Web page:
Adding to Odessey‘s (then) apparently cursed status, the band by the end of recording in the summer of ’67 – itself a pressurized, fraught process as budget and deadline fought it out tooth and nail to see which one could be tightest – was close to tatters if not fully in it. Both attempted singles – “Care of Cell 44” and “Friends of Mine” – found no purchase, literally or figuratively, live gigs were drying up, squabbles and disillusion replaced all sense of camaraderie and come mid-December 1967 the Zombies – less than two short years after the smash debut excitement of “She’s Not There” – would simply disintegrate, never, until several decades later, even performing the record live. A curious thing, however, happened on the way to anonymity.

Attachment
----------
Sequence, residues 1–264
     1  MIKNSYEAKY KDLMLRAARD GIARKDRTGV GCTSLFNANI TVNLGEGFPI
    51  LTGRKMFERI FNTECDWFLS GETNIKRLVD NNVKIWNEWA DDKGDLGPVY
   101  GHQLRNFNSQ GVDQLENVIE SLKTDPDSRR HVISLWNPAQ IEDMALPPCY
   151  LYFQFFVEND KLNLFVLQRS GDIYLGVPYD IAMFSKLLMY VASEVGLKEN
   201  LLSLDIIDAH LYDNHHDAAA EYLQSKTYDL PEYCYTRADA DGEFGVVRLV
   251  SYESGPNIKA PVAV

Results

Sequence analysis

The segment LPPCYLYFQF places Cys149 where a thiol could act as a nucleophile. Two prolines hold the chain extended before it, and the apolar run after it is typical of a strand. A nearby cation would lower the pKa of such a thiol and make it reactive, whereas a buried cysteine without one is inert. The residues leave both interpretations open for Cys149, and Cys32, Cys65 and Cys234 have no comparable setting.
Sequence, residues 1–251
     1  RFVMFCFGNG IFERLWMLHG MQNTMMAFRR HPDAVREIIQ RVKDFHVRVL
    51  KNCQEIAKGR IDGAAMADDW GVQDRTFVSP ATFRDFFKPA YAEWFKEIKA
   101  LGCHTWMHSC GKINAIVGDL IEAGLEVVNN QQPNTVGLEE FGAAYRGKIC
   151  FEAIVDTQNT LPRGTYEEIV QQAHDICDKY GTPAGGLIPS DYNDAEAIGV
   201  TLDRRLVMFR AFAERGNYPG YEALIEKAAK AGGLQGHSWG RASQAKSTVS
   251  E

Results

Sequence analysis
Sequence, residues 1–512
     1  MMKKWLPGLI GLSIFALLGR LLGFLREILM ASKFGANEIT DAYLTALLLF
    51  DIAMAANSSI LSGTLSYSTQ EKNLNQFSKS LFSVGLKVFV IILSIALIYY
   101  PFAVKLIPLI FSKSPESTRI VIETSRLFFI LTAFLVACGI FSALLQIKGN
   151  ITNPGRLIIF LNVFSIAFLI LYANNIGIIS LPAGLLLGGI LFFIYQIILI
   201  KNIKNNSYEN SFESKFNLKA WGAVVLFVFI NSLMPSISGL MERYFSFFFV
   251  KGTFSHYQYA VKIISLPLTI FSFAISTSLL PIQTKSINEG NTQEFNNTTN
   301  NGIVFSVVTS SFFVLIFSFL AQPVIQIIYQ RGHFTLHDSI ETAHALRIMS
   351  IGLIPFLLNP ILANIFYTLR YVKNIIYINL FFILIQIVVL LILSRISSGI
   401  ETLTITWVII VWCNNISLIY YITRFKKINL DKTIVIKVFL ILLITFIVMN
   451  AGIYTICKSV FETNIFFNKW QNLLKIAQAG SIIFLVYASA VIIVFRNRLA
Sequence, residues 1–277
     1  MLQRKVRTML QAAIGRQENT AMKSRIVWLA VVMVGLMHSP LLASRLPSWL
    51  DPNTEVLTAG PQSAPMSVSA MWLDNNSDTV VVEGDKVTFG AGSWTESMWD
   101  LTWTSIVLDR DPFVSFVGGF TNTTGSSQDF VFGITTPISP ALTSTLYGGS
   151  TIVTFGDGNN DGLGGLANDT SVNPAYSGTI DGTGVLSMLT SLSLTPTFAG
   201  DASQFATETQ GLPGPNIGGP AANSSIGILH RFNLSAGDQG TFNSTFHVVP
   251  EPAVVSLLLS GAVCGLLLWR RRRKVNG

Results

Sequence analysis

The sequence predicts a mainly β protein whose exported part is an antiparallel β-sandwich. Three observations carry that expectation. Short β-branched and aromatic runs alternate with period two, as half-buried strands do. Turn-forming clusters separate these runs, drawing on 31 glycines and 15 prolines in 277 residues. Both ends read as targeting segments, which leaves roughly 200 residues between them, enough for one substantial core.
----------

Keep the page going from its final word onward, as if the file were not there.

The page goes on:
Championed stateside by a pugnacious staff producer at Columbia Records by the name of Al Kooper, Odessey and Oracle overcame its first hurdle when Kooper, having picked it up in London and cottoned to its potential, convinced the mighty Clive Davis, Columbia president at the time, to release the record at all. In typical zeitgeist co-opting fashion, the label chose the somewhat abstruse “Butchers Tale (Western Front 1914)” as the inaugural single, hoping to cash in on an anti-war sentiment that was beginning to move from simmer to boil that summer. Just as typically, it died. The pushy, implacable Kooper, however, would not be stayed and a few months later persuaded his paymasters to release “Time of the Season” with the UK-failed “Friends of Mine” on the reverse. It, too, sputtered, dragging along on life-support, gaining partisans at a glacial pace clear through to the following year when it finally broke through in a major way, snowballing its way up the US charts until it crashed the Billboard Top 10, landing at #3 in early ’69, over a year past the band’s dissolution. Quixotic journeys to success often require an unforeseen handmaiden to act as guide and interlocutor and in the young Al Kooper, fresh off his indispensable organ turns on Dylan’s Blonde on Blonde (the sessions to which he’d not officially been invited), Odessey and Oracle had found its Sancho Panza. For an album to have a chance to become ‘enduring’ it has to have a chance to survive in the first place, and the ten-month overnight success of “Time of the Season” ensured at least that. But if an album is going to reach for the pantheon of ‘iconic’ status there has to be something more, an unknowable but palpable aesthetic integrity AKA the X-factor. The spark of the whole has to be there to help prop up – and in some cases surpass, perhaps – the single million-seller at its center. Not a problem for Odessey and Oracle, as it turns out. The damn thing is damn near flawless (and that ‘damn near’ may well be the most regrettable tautology in the history of tautologies), and for that we have the collision of genius that was these musicians, their vision and prowess, abetted by the technical savvy of Misters Emerick and Peter Vince, creator of the “bass injection” method of recording electric bass and another Beatles graduate.